The following information was collected from an interview with James Woodard. For the sake of space, this piece is arranged as a write-up rather than as the lengthy dialogue it turned out to be.
James Woodard, born in Miami and raised in San Antonio, is the guitarist for instrumental band The Grasshopper Lies Heavy, which was recently named Best Instrumental Band by the 2012 San Antonio Current Music Awards (they also managed to place in the Best Hard Rock, Best Hardcore, Best Heavy Metal and Best Drummer categories). James, who started the band around 2006, recently put up most of the music he has ever recorded (with TGLH, MEGA MAN [him on bass], The Islands and the Sea [him on drums], and LYSOL [him on everything]) on Soundcloud.com for free streaming. A record that is not available online is their new split 7” with God Townes, available through their label at texasisfunny.com. This single (their ninth official release, their first on vinyl) also features a download code through which you can get an extra track by each of the bands (James insists they’re not throwaway tracks: they only record the good stuff they use in their live sets). The record is going to be released as part of the globally celebrated Record Store Day this Saturday, April 21. Both bands are marking the event that day with a show at The Ten Eleven (the only acceptable venue for TGLH).
A brief review of the record, titled collectively as “IN LOVE”:
Both TGLH tracks, “Sucker” and “Dead Songs for Dead Bands” (both recorded and engineered by Krazy Kat legend Bob Catlin), are among my favourite recordings by the band because they come closer to recreating the energy of their live shows (regarded by some as the loudest in San Antonio) than much of their previous work (which is also why you should check out their 2010 live album “Every Man For Himself and God Against All”.) These new songs are also much noisier than their other recordings and feature a barrage of guitar feedback and other effect-pedal noise. They aren’t simply noise, however, and prominently feature TGLH’s signature driving rhythm in odd meters, which gives away James’ desire to make music that is significantly emotive. God Townes, led by former Sohns guitarist Marcos Gossi, is not a band whose work I am familiar with. Nevertheless, I am impressed with each of their contributing tracks, “Big Branch” and “W.H.A.N.S.,” in a way that usually evades me regarding local SA bands. People who need lyrics in their music will probably prefer these songs over those of TGLH, but all four tracks are as strong as I could ask for. I even bought two copies.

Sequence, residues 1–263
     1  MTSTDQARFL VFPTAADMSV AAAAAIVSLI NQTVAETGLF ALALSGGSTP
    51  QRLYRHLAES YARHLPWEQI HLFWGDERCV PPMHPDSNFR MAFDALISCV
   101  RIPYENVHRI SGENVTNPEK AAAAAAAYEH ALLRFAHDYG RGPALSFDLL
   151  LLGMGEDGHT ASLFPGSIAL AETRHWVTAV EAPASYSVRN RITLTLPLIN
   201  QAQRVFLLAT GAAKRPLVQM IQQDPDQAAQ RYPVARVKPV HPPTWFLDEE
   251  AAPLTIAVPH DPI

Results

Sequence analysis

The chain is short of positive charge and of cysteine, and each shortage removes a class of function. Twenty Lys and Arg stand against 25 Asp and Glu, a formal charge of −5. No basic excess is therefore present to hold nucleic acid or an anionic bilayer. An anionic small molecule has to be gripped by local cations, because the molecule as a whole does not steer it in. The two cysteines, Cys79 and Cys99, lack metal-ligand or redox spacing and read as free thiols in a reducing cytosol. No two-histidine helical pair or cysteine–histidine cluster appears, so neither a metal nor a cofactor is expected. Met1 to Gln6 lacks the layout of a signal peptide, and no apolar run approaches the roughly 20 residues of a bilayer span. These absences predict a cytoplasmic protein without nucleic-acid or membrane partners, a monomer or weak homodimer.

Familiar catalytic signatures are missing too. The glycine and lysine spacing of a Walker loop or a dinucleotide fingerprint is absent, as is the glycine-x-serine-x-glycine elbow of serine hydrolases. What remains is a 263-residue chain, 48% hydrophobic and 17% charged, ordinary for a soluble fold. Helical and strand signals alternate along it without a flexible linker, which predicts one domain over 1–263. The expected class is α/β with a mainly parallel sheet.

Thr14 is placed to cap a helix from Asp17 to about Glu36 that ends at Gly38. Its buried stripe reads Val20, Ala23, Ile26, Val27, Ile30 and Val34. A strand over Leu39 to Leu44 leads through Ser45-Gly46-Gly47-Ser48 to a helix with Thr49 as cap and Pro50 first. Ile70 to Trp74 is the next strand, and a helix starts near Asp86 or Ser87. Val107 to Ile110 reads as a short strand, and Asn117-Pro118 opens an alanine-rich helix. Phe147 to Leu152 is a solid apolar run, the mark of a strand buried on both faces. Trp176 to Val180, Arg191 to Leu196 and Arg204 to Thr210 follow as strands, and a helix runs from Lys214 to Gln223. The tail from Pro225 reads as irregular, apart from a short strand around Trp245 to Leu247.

James Woodard isn’t only a musician. He is also painter and art collector (he owns the painting by SA artist Linda Arrendondo that serves as the cover art for “IN LOVE”), who does large abstract canvasses, “non-representational,” “third generation modernist style.” He runs a guitar effect pedal shop, McCandytone Boutique Pedals, which he builds and paints himself. He does absurdist comedy videos with Pretendicles and was recently pulled over by cops for suspected murder (of a friend he was fake-murdering for a sketch). He also contributes music reviews for the San Antonio Current, writes for a number of art-related publications and has his own blog called “Imawritesomeshitboutmusic.” He and bandmate Mario Trejo worked at Krazy Kat Music for four years until last week when the company surprisingly fired everyone, including 18-year employee Bob Catlin. So go support those guys at their show on Saturday by getting their new record or by adding a Woodard to your art collection.